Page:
New Exhibit Explores the Legacy of Cornish College of the Arts

Unveiling the history of Cornish College of the Arts
| FROM THE PRINT EDITION |
 
 

THROUGH 5/1  David Martin, curator of the newly opened Cascadia Art Museum in Edmonds, may well be our region’s leading authority on Northwest art history.

His extensive knowledge, which encompasses the many forgotten strains of local painters and photographers, has been put to great use in creating Looking Back, Moving Forward: A Centennial Tribute to Nellie Cornish and Cornish College of the Arts, a show that explores the legacy of Cornish on its 100th anniversary. The exhibit, which includes artworks, archival photographs and ephemera—much of it newly uncovered and never before shown—focuses on both the school’s visual and performing arts traditions, frequently highlighting their glorious and often chance intersections.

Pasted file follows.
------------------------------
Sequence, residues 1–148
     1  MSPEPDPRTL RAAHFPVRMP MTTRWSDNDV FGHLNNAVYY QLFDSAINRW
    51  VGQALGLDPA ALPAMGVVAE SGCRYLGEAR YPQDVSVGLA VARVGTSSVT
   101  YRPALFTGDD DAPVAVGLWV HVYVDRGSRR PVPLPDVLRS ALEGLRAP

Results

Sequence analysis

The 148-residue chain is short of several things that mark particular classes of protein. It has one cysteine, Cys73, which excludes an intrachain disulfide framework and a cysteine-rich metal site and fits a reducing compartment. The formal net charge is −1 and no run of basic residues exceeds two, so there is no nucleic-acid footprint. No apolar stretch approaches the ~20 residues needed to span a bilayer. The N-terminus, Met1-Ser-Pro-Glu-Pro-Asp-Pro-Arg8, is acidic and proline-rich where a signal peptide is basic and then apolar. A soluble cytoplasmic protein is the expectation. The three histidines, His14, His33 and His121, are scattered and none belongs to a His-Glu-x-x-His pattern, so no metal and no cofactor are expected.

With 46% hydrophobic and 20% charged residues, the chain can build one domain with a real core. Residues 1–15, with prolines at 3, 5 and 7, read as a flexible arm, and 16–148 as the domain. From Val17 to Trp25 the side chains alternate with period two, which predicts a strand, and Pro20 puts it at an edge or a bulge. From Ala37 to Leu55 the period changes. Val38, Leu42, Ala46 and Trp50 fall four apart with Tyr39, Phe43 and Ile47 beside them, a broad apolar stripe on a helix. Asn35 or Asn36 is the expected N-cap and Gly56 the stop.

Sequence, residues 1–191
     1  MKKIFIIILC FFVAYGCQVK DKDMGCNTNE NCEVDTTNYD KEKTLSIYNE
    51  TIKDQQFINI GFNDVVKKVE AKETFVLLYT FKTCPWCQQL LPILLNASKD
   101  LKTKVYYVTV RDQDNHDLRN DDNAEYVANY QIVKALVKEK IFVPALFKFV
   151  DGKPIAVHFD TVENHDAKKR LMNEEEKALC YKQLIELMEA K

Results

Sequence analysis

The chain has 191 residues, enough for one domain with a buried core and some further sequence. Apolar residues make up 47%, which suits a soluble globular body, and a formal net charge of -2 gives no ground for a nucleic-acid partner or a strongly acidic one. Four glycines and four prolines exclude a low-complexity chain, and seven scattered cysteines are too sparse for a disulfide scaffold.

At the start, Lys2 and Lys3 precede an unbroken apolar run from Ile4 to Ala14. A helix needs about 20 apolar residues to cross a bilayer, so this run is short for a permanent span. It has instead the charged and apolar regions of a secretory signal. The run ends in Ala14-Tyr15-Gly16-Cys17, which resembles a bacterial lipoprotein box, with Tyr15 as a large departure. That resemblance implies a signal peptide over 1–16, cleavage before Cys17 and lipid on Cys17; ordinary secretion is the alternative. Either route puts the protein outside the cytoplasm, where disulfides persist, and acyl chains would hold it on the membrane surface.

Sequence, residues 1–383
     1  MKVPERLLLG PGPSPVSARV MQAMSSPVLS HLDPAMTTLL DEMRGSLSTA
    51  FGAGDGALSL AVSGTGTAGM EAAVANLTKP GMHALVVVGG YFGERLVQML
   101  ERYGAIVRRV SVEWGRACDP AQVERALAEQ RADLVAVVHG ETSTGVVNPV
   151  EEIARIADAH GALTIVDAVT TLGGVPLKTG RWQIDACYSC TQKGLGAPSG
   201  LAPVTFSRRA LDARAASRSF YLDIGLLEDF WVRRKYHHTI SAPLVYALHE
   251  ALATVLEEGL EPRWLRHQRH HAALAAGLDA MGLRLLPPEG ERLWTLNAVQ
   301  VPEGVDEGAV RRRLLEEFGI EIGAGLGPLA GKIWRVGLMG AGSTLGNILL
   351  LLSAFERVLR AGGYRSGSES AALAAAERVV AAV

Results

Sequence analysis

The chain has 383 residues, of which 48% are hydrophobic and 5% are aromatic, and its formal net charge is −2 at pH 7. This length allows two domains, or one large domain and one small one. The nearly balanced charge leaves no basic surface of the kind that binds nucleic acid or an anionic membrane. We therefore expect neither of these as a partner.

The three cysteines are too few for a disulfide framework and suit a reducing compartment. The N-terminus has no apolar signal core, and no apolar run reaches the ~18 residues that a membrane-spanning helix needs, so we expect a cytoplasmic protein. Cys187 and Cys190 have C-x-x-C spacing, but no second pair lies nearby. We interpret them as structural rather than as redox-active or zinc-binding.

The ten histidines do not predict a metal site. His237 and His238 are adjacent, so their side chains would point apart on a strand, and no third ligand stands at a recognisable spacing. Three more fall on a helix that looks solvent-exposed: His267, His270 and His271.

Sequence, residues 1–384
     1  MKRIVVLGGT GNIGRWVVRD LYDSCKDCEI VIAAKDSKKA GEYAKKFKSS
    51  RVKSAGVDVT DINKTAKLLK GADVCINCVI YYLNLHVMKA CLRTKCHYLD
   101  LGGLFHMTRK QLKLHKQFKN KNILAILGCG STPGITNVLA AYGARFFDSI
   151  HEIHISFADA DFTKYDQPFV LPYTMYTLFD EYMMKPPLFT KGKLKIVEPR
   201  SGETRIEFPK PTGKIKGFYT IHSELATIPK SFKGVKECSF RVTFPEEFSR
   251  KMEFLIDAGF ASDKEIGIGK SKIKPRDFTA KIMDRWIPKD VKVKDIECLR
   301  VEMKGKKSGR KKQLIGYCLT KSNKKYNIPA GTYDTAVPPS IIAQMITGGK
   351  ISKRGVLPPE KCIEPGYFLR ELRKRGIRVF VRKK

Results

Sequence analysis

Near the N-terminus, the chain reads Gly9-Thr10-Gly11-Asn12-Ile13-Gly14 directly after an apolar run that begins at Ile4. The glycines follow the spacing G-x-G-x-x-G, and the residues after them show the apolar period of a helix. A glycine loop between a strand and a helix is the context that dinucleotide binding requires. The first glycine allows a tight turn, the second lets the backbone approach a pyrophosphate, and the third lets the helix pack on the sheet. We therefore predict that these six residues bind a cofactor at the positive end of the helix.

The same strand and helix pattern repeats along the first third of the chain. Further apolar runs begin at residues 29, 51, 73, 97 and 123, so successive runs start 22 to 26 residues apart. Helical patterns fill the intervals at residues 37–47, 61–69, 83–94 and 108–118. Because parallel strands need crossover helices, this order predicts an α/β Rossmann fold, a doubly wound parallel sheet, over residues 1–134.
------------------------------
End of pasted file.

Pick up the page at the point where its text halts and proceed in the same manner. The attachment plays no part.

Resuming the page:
This remote location, far from the centers of the era’s art world, where choreographer Martha Graham and painter Mark Tobey taught, and dance legends Robert Joffrey and Merce Cunningham studied, is brought vividly to life as we are introduced to the countless other artists and educators who laid the groundwork for Seattle’s now vibrant art scene.

Times and prices vary. Cascadia Art Museum, 190 Sunset Ave., Edmonds; 425.336.4809; cascadiaartmuseum.org

 

Related Content

Author Molly Wizenberg in her home with dog

Long a trusted voice on matters of the kitchen, Wizenberg's 'The Fixed Stars' deals with matters of the heart

Colorful bad artwork on display

Upstairs at Café Racer, feast your eyes on the Official Bad Art Museum of Art

Lily Verlaine as the Caterpillar in 'The Burlesque Alice In Wonderland'

Are we pivoting away from placeholder programming and reimagining what live performance can be?

As artists find new ways to connect, things are getting weird and wonderful